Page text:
Credit crisis pressures are forcing trustees and boards to seek more from their custodians both in terms of better risk management and lower costs, finds Iain Morse
Economic crisis always precipitates change. "Trustees and boards are focused on cost but also more and more on risk when it comes to choosing a custodian," notes Chris Angell, senior consultant at Mercer Investment Consulting. The terms of contract and fee structures for this relationship have never been standardised. Much depends on client specific requirements, but after years of cost pressure and consolidation the custodians are also unwilling to give away any negotiating advantage.
A little window cleaning suggests that for some years, most client-custodian relationships have been governed by an enforceable, penalty-laden contract covering the core relationship, but also a second tier service-level agreement (SLA). "The relative importance and content of these are not set in stone," says Wade McDonald, head of customer management and sales in the UK and Middle East for State Street. "Expect the contract to be standardised per custodian, at least as far as anything is in this industry, while the SLA is frangible and subject to change without formal renegotiation of the contract. It is likely to capture client specific requirements. For example, some may require derivative pricing or daily pricing."
"This flexibility is needed to reflect the constantly changing environment in which the client-custodian relationship takes place," he adds.
Full renegotiation over matters of lesser importance would be overly cumbersome even where the client-custodian relationship takes place in a single jurisdiction. Change to the SLA leaves the main contract intact. Under the impact of global recession, more and more international companies are looking to consolidate all their services with single providers. In cases such as this, expect an international agreement formed in the parent company's country of domicile, subsidiary national contracts and a corresponding set of SLAs. "Negotiating the client custodian relationship used to be pretty straightforward," adds McDonald. "But not any more."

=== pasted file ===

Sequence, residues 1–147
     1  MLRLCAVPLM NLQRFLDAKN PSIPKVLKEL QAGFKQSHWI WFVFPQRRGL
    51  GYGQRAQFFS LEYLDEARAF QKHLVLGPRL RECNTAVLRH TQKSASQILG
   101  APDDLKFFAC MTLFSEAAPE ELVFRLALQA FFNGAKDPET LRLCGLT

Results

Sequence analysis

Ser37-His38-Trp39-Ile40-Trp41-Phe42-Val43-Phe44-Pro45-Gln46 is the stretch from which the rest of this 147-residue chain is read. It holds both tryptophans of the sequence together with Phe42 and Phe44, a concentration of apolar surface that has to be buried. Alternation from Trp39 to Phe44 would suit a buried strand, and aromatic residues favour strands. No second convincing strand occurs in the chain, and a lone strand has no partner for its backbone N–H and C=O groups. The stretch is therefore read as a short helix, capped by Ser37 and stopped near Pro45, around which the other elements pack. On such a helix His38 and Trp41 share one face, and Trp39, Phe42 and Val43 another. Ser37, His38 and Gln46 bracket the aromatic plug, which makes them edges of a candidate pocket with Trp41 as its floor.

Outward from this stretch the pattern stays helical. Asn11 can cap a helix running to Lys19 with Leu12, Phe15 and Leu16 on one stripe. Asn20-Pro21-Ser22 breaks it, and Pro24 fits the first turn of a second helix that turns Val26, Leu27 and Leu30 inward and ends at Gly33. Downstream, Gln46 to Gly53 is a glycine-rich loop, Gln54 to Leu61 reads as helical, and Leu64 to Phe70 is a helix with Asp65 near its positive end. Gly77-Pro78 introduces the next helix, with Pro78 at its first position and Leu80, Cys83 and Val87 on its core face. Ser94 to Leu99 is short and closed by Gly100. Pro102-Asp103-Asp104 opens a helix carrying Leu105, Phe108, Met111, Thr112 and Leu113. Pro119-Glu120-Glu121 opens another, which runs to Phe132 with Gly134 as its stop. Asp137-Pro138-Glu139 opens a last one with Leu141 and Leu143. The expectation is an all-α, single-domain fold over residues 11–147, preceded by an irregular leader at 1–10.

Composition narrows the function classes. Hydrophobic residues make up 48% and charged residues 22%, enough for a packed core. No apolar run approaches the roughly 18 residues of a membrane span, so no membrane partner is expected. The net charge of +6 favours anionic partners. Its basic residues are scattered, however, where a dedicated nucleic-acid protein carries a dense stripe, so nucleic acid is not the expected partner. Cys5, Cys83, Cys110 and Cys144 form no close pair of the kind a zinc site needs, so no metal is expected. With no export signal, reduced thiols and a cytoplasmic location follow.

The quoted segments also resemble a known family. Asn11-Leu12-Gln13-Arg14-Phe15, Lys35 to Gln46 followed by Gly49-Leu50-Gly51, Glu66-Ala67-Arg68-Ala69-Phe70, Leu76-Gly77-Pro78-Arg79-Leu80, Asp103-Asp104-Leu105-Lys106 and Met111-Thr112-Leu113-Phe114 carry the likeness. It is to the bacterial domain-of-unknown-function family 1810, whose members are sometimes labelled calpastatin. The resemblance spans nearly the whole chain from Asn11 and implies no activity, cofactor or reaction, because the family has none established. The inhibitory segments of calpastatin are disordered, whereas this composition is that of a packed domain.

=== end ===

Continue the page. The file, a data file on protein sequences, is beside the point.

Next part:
The promise held out to pension funds for this effort is not just one of simple cost saving. If you are sitting in a head office, looking at a dozen rate cards for different countries from different custodians, making a like-for-like cost and quality comparison is near impossible. It is also time-consuming. Post Lehman, a relationship once seen as virtually risk free is now seen as potentially very risky. The fear is that counterparty risks, and the risk of sudden failure of a sub-custodian, may be hidden in a complex, ramshackle structure. Then there is an ever stronger demand for consolidated, group-wide and frequent risk metrication - this month, are the group's pension funds in aggregate surplus or deficit?
This relentless search for previously un-quantified, uncompensated risk during a sharp recession is driving change. This plays two ways - pension funds are under pressure to find cost savings, but will pay for risk reduction.
Traditionally, the duration of client-custodian relationships have varied from three to seven-year terms. Reviews tended to be infrequent; once a year, or less, often tri-annual. At the contract term, renewal clauses permitted the relationship to be continued without formal negotiation. This is changing, although there are strong reasons why both sides to the relationship still want durable, long-term partnerships.
Within conventional term contracts, expect reviews to be much more frequent - three or six monthly, with at least a full annual review. A growing number of new contracts are now continuous, or one-year rolling, and frequently reviewed. Failure to meet contract conditions and ongoing violation of the SLA will permit the client to break the relationship without penalty. How much substantive difference this makes remains to be seen but it chimes with mood of the times.